The weight of turmoil and tragedy in America is heavy. I felt the emotional drain of it Monday morning as I read the news and checked my personal and university-related emails. The Associated Press app on my phone reported the mass shooting and near 60 deaths in Las Vegas. The gun control debate ensued before 500-plus victims could receive proper treatment. An email from Southern Arkansas University's president shared news of a student's death on campus.

President Trump and the First Lady went to Puerto Rico, where he made inappropriate and bizarre comments. A candlelight vigil to honor the student was announced. Tom Petty died — hours after news reports of his demise were exaggerated. The gun control debate continued. The Trumps visited Las Vegas.

Angst, emotional roller coaster ride. And I made a genuine effort to study for an exam Wednesday in my social work practice class. There on page 3 of William Brueggemann's "The Practice of Macro Social Work" was a passage my professor, Jennifer Turner, had referenced earlier in the semester. It seemed more profound:

"Indifference to the plight of others in pain allows 'man's inhumanity to man' to thrive," Bruegemann wrote. "When we are simple bystanders — spectators rather than actors in human affairs — we become devoid of social responsibility and retreat into a world of indifference, exploitation, and greed. We become socially and ethically numb, giving tacit assent to a host of social ills that eat at the heart of our well-being."

Meanwhile in Puerto Rico:

TRUMP: We've saved a lot of lives. If you look at the — every death is a horror. But if you look at a real catastrophe like Katrina, and you look at the tremendous — hundred and hundred and hundreds of people that died. And you look at what happened here with really a storm that was totally overpowering. Nobody's ever seen anything like this. And what is your death count at this point, 17?


TRUMP: Sixteen people, certified — 16 people versus in the thousands. You can be very proud of all of your people, all of our people working together. Sixteen versus literally thousands of people.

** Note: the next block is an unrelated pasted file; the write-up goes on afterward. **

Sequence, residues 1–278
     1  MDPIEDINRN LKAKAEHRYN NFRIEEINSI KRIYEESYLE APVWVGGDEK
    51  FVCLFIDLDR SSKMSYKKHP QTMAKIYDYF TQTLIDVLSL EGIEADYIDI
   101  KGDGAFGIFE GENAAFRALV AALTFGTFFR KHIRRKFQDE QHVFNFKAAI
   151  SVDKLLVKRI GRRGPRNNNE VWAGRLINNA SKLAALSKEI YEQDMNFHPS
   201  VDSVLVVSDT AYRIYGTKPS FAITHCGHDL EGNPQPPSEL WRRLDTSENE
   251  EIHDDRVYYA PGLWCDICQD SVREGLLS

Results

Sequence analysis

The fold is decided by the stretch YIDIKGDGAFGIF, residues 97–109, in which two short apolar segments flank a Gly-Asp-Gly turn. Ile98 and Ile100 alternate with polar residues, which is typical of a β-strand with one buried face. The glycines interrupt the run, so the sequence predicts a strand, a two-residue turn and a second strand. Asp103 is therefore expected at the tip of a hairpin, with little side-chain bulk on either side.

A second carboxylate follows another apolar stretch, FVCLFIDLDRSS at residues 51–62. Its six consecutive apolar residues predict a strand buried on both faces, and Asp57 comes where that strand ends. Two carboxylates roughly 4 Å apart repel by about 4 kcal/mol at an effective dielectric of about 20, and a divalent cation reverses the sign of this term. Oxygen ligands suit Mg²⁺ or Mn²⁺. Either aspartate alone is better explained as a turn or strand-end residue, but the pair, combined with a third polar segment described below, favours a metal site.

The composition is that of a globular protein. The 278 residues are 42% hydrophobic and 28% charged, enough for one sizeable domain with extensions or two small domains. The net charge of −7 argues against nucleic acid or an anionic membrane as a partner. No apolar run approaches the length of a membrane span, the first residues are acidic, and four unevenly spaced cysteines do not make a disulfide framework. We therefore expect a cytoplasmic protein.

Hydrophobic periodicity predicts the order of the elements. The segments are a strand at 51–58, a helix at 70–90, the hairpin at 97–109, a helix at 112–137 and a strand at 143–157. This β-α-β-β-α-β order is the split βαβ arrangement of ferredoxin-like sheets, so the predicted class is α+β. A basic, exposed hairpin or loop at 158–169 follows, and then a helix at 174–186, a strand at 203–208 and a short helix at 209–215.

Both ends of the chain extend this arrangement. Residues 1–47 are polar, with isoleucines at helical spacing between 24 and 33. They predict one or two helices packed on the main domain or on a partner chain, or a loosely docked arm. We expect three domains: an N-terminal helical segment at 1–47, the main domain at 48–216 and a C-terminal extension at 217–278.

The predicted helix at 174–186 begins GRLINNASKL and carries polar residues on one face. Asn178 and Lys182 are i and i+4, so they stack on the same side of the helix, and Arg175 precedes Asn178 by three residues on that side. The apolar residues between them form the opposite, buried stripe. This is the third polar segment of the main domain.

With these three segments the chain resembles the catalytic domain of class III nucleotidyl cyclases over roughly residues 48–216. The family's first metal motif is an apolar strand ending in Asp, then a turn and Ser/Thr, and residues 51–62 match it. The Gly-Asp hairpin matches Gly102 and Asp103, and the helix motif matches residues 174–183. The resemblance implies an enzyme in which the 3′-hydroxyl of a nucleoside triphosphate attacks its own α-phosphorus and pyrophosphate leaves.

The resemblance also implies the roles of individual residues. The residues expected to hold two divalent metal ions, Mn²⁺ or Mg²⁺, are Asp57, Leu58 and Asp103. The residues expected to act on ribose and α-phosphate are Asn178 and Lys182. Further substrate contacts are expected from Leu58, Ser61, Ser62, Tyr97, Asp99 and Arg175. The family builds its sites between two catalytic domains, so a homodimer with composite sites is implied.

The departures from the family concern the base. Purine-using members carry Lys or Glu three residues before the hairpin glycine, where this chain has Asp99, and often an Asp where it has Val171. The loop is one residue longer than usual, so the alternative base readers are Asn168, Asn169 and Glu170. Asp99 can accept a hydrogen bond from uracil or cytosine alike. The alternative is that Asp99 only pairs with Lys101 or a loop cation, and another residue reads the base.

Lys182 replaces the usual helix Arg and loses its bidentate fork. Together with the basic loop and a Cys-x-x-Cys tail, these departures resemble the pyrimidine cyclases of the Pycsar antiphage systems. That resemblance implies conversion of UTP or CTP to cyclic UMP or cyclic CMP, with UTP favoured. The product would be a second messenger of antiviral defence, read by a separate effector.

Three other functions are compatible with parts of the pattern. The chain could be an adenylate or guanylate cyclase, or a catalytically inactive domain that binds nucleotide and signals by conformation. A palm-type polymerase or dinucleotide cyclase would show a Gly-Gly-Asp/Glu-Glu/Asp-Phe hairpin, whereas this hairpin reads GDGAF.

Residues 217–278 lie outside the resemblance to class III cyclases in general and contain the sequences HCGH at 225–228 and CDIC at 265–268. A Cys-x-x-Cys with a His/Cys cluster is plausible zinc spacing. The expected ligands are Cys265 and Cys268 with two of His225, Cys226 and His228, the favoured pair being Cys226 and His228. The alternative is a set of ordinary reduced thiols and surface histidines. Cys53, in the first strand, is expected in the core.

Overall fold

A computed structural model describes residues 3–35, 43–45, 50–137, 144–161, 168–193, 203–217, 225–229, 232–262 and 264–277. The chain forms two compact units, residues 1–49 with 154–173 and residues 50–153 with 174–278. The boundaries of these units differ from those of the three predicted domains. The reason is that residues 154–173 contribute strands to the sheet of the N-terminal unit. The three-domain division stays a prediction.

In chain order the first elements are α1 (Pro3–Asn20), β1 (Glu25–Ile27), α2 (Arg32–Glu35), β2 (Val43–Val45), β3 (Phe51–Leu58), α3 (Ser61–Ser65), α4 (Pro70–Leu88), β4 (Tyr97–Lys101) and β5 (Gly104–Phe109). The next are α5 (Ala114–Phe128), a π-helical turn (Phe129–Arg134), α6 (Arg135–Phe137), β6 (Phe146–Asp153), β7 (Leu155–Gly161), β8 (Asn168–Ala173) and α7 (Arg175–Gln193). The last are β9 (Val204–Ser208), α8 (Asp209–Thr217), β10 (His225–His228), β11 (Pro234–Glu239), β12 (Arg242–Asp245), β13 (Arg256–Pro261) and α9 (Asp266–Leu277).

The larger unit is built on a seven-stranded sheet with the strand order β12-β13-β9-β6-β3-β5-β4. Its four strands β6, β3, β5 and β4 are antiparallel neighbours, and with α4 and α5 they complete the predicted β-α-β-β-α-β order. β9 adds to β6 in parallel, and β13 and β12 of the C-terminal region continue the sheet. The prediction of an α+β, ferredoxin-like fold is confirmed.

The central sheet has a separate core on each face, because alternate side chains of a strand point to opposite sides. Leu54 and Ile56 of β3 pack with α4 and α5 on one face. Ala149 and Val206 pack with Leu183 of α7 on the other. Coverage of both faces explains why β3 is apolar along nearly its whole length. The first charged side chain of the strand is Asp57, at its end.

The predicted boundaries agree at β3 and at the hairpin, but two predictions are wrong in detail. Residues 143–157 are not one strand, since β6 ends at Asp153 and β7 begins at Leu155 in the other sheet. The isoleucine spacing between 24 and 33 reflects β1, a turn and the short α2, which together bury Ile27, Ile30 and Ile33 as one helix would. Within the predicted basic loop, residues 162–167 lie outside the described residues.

Shows up. Contradicts things previously said on Twitter. Boasts. Complains about the cost or relief efforts. Minimizes the plight of others. Tosses paper towels.

How do you arrive at such a comparison in considering the plight of a decimated U.S. territory? After Trump left, the death toll had risen to 34 and it could continue to rise as recovery efforts continue. More than 1,800, but fewer than 2,000 people (not the literally thousands Trump indicated), died in 2005 as a result of Hurricane Katrina. Hopefully, the numbers will remain comparatively low if comparisons must be drawn. Both are tragic events.

The aforementioned behavior is typical now. In fact, I almost didn't mention it because that is how Trump speaks. We are desensitized to it just as we are the now routine mass shootings and other forms of violence that eat away at our well-being. He is the example because he is president, but certainly he isn't alone in the practice of minimizing and marginalizing others.

I don't have the solutions for what ails our society, but I do know that finding them starts with each of one of us. And being kind to others and respectful of the rights and beliefs of others is key.

Find your voice, advocate for your beliefs — whatever they may be. Don't settle for being a spectator. Shake off the numbness. Stand tall, take a knee. Resist, persist and protest, if necessary, but do it peacefully. Borrow a few words from the late Tom Petty: "Don't back down."

Shea Wilson is the former managing editor of the El Dorado News-Times. E-mail her at Follow her on Twitter @SheaWilson7.